I got tickets for this concert on a bit of whim, and then had trouble finding anyone to go with; seems a busy time of year for work, travel, work travel, and other. But though I could have exchanged for another, I had ended up intrigued by this guy, Cameron Carpenter.
He looks like a rock star. He’s young, good-looking, fit, has a mohawk, dresses in sparkly / paisly tights pants and shirts, and wear outlandish, heeled shoes.
And he plays classical music. On the organ.
Naturally, he doesn’t approach it in a traditional way. Notably, he prefers digital organs to traditional pipe organs. And he improvises on the classics. And composes his own arrangements, and entire concertos.
Saturday night’s KW Symphony concert gave us a taste of what this guy can do. I went to the Prelude before the concert (which I don’t always bother with) because it was a conversation between Carpenter and a musicologist. He’s a really interesting guy, and I learned a lot about organ (not that I knew much to start with), including the fact that every organ in the world is different, And not subtly different—so different that the extremes might as well be different instruments. And since organists do not travel with their own instruments, they have to arrive early and get acquainted with the particularities of whatever they will be given to play in that town.
I also found out that, somewhat to my disappointment, that Carpenter was only playing on two of the numbers in the program.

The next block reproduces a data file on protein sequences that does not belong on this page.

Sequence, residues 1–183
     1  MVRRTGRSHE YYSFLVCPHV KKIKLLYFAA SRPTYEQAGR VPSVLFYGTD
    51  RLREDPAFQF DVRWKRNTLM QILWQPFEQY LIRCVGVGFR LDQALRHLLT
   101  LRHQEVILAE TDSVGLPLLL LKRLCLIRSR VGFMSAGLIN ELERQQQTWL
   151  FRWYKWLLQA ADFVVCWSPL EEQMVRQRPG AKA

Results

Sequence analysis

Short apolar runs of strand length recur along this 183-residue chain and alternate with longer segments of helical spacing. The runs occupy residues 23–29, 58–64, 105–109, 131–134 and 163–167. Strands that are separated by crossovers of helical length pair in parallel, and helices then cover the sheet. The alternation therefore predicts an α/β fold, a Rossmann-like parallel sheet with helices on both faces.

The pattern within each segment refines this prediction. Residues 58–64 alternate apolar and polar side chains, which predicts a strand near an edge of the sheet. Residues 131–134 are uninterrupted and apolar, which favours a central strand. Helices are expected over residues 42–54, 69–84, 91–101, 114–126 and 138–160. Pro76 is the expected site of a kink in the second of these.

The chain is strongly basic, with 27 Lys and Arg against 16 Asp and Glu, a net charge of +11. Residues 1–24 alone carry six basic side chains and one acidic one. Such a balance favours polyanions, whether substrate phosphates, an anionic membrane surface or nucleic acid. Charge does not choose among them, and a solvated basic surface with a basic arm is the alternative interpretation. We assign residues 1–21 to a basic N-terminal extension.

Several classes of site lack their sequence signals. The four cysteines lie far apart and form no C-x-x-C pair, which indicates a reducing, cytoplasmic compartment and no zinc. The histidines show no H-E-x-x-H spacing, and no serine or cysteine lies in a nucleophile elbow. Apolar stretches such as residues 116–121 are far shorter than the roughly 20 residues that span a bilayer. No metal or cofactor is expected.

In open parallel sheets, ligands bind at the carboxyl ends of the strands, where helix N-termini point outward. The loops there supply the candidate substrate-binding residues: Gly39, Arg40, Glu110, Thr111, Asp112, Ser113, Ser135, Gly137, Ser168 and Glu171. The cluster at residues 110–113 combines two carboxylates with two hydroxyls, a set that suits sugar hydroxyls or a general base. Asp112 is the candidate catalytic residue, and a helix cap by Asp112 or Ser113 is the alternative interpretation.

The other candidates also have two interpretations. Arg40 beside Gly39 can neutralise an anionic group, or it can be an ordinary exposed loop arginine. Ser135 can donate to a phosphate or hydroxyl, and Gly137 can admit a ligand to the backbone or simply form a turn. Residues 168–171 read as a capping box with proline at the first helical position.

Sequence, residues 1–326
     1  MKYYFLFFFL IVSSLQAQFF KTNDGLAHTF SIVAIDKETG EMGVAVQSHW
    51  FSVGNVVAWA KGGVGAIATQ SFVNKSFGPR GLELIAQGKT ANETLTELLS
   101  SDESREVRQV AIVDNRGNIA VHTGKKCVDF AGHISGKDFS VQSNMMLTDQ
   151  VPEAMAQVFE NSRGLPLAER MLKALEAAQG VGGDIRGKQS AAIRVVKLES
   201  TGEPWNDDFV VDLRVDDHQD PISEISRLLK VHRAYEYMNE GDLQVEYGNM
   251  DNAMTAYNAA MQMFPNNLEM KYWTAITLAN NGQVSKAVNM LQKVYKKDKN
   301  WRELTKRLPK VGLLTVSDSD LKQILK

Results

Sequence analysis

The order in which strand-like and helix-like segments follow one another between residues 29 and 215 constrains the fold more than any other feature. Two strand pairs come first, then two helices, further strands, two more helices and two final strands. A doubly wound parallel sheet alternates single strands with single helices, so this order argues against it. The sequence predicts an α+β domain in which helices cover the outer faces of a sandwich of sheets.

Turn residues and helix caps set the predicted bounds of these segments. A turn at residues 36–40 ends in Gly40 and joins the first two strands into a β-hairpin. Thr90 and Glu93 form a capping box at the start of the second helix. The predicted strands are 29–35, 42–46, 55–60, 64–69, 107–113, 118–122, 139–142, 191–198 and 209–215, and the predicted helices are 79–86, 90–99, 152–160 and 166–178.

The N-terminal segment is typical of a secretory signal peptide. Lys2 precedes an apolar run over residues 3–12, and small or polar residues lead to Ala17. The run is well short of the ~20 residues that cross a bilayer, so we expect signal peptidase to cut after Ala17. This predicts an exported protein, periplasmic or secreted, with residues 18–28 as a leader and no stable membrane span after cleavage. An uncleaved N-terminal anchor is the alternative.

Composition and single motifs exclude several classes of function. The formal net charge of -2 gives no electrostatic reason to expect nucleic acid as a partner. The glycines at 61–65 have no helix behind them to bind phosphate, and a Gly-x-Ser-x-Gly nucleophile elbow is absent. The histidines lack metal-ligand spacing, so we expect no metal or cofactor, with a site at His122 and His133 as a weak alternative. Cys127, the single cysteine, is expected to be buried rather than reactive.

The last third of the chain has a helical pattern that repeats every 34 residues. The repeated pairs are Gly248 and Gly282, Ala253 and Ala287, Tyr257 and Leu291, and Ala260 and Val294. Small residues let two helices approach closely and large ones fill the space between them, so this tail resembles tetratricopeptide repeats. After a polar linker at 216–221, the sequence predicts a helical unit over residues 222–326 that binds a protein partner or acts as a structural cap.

The first half was all Bach. The first was a short piece, Ricercare No 2, arranged by Anton Webern. The third was the longer Suite No 3 in D major, whose second movement is very well-known (I think I play it on the piano), but which ends with lively movements with dance rhythms.
Those were both nice. But there’s no doubt they were overshadowed by the middle bit, of Cameron Carpenter riffing on Bach’s most famous composition, Toccata and Fugue in B minor. My sixth row center seats couldn’t have been better for watching hands, and my goodness, could those move. And did you know organists also have a keyboard for their feet? The whole thing was just mesmerizing.
(A taste from YouTube, though I think what he did Saturday was even better.)
In the second half, we jumped from the 1700s to current-day. First up was just the symphony on Arron Copland’s five-movement Music for the Theatre. This was a very fun, jazz-inspired composition, with humorous bits to it.
And then Cameron Carpenter presented his composition for organ and symphony, The Scandal. Based on what he’d done in the first half, I thought this would be all about the symphony adding colour around his own demonstration of proficiency, but it wasn’t that at all. It was a true integration of organ and symphony in a beautiful and lively piece of music. The cello got a big solo moment, and until maybe the last three minutes, the organ wasn’t necessarily the major focus. I was impressed.
So was the audience, as the standing ovation felt more sincere than it sometimes does. And in an extreme rarity at classical music concerts, we got encores! I don’t know what the first was (I’m not that good at classical music edition), but the second was a wonky but awesome version of Oh Canada! Not bad for an American who now lives in Germany.